October 24, 2021

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How To Get Over Your Fear Of Maths And Help Your Child With Their Maths Homework

It’s that moment when a stroppy 11 year old finally tells you what’s “stressing them out”, and you find out it’s ONLY maths homework, and they sigh in relief as you naively take it from them and tell them you’ll help them with it… and then they see your face go white as you suddenly realise it may as well be Chinese rather than maths. From that moment, you are no longer a god in their eyes, not able to solve the world’s problems for them, not even able to do maths because you have a flaw. You’re mathslexic!

Maths Week: The solutions to all of the puzzles · TheJournal.ie

Actually, there’s no such word. The correct word for people who see numbers on a page but can’t replicate them is dysnumerate. Rather like dyslexia, where people see the words and letters, but they do not compute in the brain, dysnumeracy is crossed wire in the brain. Unfortunately, although both of those conditions exist, many, many people use them as an excuse for simply not learning at school. It’s a sad fact, but a fact it remains Cours particuliers Maths.

Why is that? Why is it that so many people feel the need to excuse the fact that they missed out on a good basic education? Because many of us were branded at school. Not physically, but mentally, by cruel and ineffective teachers, poorly run schools, and ineffective teaching methods. Many of us were told we were lazy, a dreamer, useless and never likely to amount to anything, so we quit. Even before the end of our school life, we quit learning. Unfortunately, we couldn’t quit the mental scarring, and carried that with us. Luckily, some change is good, and those old attitudes are now unpopular, and youngsters can get many types of help and support.

Some overcome it themselves, and actually begin their proper education once they’ve left school and tasted life. A life that is now so competitive, you can’t just accept the gaps in your learning. You have to overcome them. An old brickwork teacher of mine had a degree in maths. How and why did a bricklayer get a degree in maths? He went to night school at some expense of his own to learn “Because” he said “maths is perfectly consistent. It is the only thing in the whole universe that doesn’t change, so once you learn it, you have it forever.”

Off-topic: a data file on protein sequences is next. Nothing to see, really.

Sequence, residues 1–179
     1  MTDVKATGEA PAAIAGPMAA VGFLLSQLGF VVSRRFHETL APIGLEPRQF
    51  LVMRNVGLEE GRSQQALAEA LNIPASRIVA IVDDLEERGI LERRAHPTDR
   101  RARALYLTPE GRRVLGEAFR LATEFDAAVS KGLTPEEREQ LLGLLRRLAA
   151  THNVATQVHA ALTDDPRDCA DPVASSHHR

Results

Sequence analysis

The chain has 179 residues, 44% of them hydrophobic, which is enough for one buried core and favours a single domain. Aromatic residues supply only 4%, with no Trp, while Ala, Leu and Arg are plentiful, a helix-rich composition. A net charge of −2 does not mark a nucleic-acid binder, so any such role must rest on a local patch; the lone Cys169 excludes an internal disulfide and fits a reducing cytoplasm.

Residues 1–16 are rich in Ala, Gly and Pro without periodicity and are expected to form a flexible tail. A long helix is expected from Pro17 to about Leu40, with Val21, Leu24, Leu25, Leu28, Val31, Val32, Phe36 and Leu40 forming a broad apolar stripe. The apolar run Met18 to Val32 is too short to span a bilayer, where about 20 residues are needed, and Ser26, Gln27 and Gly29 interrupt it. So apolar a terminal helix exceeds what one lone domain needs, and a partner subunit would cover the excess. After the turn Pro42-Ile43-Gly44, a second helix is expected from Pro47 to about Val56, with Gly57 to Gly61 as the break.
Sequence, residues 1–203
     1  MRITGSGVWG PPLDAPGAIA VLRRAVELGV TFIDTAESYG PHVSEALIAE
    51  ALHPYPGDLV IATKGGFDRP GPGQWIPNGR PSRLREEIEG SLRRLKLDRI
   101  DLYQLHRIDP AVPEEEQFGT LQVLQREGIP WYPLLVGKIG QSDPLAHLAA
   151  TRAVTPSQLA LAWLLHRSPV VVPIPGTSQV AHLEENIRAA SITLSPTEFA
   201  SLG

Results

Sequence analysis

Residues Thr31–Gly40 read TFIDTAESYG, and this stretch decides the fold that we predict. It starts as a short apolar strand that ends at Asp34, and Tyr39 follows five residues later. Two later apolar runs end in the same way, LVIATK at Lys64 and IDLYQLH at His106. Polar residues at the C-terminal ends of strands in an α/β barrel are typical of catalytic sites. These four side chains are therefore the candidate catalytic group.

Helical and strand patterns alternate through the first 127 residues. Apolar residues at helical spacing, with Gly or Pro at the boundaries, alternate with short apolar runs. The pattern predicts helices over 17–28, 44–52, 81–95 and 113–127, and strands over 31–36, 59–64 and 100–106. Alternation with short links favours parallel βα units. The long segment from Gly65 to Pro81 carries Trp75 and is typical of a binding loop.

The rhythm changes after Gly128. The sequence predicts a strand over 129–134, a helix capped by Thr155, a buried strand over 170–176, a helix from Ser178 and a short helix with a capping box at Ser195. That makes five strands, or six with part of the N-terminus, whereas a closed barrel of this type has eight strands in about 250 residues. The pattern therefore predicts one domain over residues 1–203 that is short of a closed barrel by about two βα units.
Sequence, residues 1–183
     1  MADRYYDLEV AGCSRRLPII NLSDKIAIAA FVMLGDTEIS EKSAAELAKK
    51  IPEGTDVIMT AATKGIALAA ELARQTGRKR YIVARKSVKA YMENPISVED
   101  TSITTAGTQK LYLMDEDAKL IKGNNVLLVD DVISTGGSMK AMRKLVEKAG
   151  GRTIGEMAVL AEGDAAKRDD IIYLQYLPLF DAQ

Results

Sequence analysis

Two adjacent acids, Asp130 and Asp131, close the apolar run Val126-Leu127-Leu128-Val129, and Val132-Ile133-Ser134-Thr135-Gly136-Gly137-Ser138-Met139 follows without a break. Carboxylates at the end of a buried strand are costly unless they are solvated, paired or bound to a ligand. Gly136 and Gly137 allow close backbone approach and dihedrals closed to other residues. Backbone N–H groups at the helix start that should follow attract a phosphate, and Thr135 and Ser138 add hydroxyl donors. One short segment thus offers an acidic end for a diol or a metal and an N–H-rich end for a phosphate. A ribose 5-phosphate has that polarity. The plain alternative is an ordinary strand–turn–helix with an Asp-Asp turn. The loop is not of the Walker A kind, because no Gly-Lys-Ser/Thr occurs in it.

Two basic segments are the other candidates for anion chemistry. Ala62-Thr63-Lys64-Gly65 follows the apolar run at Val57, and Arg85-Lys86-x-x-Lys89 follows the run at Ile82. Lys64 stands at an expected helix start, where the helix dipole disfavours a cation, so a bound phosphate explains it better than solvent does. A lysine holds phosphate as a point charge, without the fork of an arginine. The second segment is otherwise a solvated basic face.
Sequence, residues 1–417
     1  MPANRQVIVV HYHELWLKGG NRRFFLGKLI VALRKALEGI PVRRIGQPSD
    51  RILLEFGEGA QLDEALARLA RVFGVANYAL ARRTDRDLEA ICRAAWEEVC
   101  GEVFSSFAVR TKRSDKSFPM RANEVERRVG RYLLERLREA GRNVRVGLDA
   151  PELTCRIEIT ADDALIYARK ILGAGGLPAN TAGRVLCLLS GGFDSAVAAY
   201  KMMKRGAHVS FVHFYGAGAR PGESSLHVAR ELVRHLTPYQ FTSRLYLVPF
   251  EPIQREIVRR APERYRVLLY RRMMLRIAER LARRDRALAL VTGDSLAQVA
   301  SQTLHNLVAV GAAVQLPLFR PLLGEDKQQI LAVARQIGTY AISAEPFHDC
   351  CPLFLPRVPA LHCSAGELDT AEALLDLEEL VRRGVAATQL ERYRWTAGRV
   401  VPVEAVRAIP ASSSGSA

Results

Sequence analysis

Everything in life changes, the people around us and the way we view them as our own views of life itself alters. The languages that we speak constantly morph into another. If I’d told you 20 years ago that you were ‘cool’, you’d take it as a compliment, not a testament to your temperature. Today, it is no longer cool to say cool. I’m so uncool, I don’t even know what the proper word for cool is now! If I told you I was ‘gay’ nowadays, you certainly wouldn’t assume I meant ‘cheerful’.

But maths is unique. Maths doesn’t change at all. Here is the mathematical proof. A billion years ago (I didn’t do history, don’t hassle me on dates, it’s not cool..) there were two dinosaurs. Two more arrived, and there were four. Follow the maths so far? Then a fifth arrived, and he ate three of the others. So… there were two plus two, plus one equals five, then minus three which equalled two.

In the year 2525, if man is still alive according to Zager and Evans, two spaceships will arrive on earth. Then two more will arrive. Then a fifth, who will destroy three of the others. The aliens in the two spacecraft left will be think they were very cool to have made it here safe but, just as things change here, I expect they’ll also have other words on their planet by then.

So if you didn’t achieve at school, are you doomed? Does that mean that you have fulfilled the prophecy of your teacher who made it clear in your mass produced and totally impersonal school report that you were “a waste of space, destined to achieve little other than tying his own shoelaces unaided, writing just enough to fill out his social security claim, and have enough maths to count his handout… ” Actually, that was mine, but I’m certain I wasn’t the only complete waste of space.

Of course not. There are many evening classes that you can attend, and many private tutors for hire. They all cost money, but investing in yourself is worth the outlay. The cost in time is often most prohibitive, so personally, for maths I’d go online.

I actually had a need for maths tuition a few years ago, and the man was excellent, but we could never get together when it suited us as I was working nights. Online tutorials in maths are excellent, because you can go over the same lesson again and again until you get it. And it’s worth ‘getting it’ because once you have, it NEVER CHANGES.